Today, I want to talk about the war that’s being waged in some parts of US society against contraception, sexual determinism, and women’s agency.
Before I get started, though, let me say this: I am a white, cisgendered heterosexual man. That puts me in a uniquely privileged position; since I will never be pregnant, the assault on women’s right to choose doesn’t affect me directly. Since I am straight, the assault on the rights of gays and lesbians doesn’t affect me directly. Since I am a man, I am almost never the target of slut-shaming. I am, in other words, not the target of the campaign against women and gays that’s playing out on the airwaves and in the ballot boxes all over the United States right now.
But in a way, that’s kind of the point, because even though I am not the target of the attacks on women and gays, they still very much affect me. The thing is, these are not assaults on women’s rights or gay and lesbian rights; they are assaults on human rights. I am not gay and I am not a woman, but I am a human being. It would be a mistake for me to think that these things don’t affect me directly.
Let’s look at contraception. The debate over whether or not women should have easy access to contraception has turned into one of the defining issues in the current political discussion. Last October, presidential candidate Rick Santorum said “One of the things I will talk about, that no president has talked about before, is I think the dangers of contraception in this country. Many of the Christian faith have said, well, that’s OK; contraception is OK. It’s not OK. It’s a license to do things in a sexual realm that is counter to how things are supposed to be.” More recently, radio commentator Rush Limbaugh referred to Georgetown University law student Sandra Fluke as a “slut” and a “whore” and said that she should be made to post sex tapes of herself online for his viewing pleasure when she said that the insurance policy covering fellow students were wrong to deny coverage for drugs to treat ovarian cysts on the grounds that they could also be used for contraception.
Now, a lot of folks are rightly horrified that a presidential candidate who supposedly favors “small government” would advocate government control over contraception in order to make sure that citizens only do what he thinks they should do in the bedroom, and were rightly appalled at Limbaugh’s slut-shaming tirade against Ms. Fluke. But a lot of folks have cast these as being women’s issues, and described them as attacks on women’s rights, and I think that misses the point.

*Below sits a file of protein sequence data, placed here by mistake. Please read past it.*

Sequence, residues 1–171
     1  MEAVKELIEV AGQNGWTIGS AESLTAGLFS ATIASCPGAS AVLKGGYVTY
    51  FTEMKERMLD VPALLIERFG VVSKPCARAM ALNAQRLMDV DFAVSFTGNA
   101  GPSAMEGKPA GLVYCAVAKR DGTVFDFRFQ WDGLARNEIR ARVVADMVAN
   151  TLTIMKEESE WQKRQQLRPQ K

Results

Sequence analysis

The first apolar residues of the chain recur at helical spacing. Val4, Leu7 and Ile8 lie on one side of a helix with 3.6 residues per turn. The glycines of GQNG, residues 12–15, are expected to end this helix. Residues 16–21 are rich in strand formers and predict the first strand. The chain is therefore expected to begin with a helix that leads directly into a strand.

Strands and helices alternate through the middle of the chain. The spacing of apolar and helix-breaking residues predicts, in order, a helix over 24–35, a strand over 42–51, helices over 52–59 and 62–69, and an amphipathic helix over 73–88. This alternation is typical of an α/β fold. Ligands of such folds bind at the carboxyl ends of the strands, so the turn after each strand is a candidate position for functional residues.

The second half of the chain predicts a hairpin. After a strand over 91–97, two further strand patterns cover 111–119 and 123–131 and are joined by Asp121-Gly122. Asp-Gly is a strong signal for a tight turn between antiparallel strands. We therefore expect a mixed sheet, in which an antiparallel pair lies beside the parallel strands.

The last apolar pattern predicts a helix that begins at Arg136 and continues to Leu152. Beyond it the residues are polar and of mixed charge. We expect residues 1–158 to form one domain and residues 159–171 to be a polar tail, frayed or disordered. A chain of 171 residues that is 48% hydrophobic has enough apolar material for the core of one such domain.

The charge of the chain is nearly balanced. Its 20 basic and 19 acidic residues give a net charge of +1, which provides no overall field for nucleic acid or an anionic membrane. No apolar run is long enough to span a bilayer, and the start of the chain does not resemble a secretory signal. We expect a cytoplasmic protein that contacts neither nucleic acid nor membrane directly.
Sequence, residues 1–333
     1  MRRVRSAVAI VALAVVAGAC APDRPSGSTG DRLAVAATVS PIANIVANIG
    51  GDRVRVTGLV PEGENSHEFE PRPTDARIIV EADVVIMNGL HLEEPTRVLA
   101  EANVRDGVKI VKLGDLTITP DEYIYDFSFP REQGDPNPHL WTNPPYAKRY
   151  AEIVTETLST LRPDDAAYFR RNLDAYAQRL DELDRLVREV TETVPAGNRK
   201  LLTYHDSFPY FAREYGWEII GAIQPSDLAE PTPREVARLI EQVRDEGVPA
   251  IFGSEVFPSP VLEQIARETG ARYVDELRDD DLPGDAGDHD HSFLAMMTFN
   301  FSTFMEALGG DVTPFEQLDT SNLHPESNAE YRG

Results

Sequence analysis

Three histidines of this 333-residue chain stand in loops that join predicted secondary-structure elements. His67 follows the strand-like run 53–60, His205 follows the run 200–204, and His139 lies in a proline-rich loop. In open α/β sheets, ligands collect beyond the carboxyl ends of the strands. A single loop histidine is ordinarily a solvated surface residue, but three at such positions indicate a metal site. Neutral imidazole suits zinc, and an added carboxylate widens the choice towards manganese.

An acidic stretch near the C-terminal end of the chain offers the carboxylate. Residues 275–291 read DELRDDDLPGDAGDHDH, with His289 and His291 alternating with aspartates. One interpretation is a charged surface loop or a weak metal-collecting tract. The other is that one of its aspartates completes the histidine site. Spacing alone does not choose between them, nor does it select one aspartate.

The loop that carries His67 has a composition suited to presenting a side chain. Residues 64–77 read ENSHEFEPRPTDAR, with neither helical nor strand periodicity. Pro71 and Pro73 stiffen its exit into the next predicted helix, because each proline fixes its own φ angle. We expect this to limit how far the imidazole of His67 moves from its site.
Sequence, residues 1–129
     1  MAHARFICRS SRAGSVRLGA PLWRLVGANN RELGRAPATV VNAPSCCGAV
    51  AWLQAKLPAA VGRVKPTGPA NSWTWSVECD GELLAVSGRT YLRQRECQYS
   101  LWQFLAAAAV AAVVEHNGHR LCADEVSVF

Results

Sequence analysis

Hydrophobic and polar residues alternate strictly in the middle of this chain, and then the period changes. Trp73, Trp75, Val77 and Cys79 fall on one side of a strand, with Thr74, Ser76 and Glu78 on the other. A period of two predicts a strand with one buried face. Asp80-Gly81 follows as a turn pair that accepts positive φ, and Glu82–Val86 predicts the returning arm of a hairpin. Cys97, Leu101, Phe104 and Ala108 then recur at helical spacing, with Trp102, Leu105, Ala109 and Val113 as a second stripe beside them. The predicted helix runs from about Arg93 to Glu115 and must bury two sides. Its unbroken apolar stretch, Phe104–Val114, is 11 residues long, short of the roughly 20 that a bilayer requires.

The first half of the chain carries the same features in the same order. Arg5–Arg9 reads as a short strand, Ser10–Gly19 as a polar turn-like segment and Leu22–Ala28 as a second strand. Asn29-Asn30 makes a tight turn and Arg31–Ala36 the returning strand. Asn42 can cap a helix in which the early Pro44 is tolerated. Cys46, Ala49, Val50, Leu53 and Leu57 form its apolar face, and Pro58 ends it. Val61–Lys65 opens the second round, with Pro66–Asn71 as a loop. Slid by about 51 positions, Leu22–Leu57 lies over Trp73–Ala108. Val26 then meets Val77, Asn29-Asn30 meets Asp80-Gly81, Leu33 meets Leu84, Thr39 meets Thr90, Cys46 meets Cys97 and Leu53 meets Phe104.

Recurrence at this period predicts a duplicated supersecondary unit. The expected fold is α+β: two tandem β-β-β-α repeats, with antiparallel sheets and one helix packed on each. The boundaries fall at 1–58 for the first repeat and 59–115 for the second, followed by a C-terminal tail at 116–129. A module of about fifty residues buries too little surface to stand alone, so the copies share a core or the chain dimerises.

If a woman wants access to contraception as contraception, presumably it’s because somewhere along the line there’s a man involved. Parthenogenesis is rare in the extreme in human beings. When a woman chooses to use contraception, she’s not the only one affected; her partner is affected to. Restricting access to contraception is not a woman’s issue; it’s a human issue. It affects all of us.
I was married for eighteen years. For twelve of them, my wife used hormonal birth control. This wasn’t just about her; it was about both of us. Neither of us wanted children. Had Santorum been in the White House, and had he been successful in his crusade to prevent her from obtaining birth control because he wanted the government to have the final say in how our lives were “supposed to be,” it would not have affected her; it would have affected both of us. Attacks on contraception are not attacks on women, they are attacks on people.
The issue of gay rights is similar. The language being used today against gay marriage–that it violates the “sanctity” of marriage, that it goes against the “natural order”–are the same arguments, almost word for word, that were used against interracial marriage in the 60s. Many of the opponents of gay marriage, like the National Organization for Marriage, actively seek to use racial division to achieve their goals. Other opponents of equal rights for the LGBT community also oppose divorce even in cases of abuse; Republican state legislator Don Pridemore told a news station that abused women should not get a divorce, but should “get back to why they got married in the first place.”
Again, these are not LGBT issues or women’s issues, but human issues. The moment a person says that it’s acceptable to use manipulative, divisive strategies to achieve a political end, or that victims should not be permitted to leave abusive situations in order to satisfy some kind of abstract idea about the way people “should” be, that affects all of us. Domestic violence doesn’t just affect women; it affects everyone.
Even if these things did only affect women or gays and lesbians, I would still support them against the systematic attacks of the political right, because it’s simply the right thing to do. But by casting these things as women’s issues” or “gay and lesbian issues,” those who seek to control our sexual choices hope to divide us. This strategy only works until we see past the artificial divisions and realize that an attack on women or on gays and lesbians is an attack on all of us.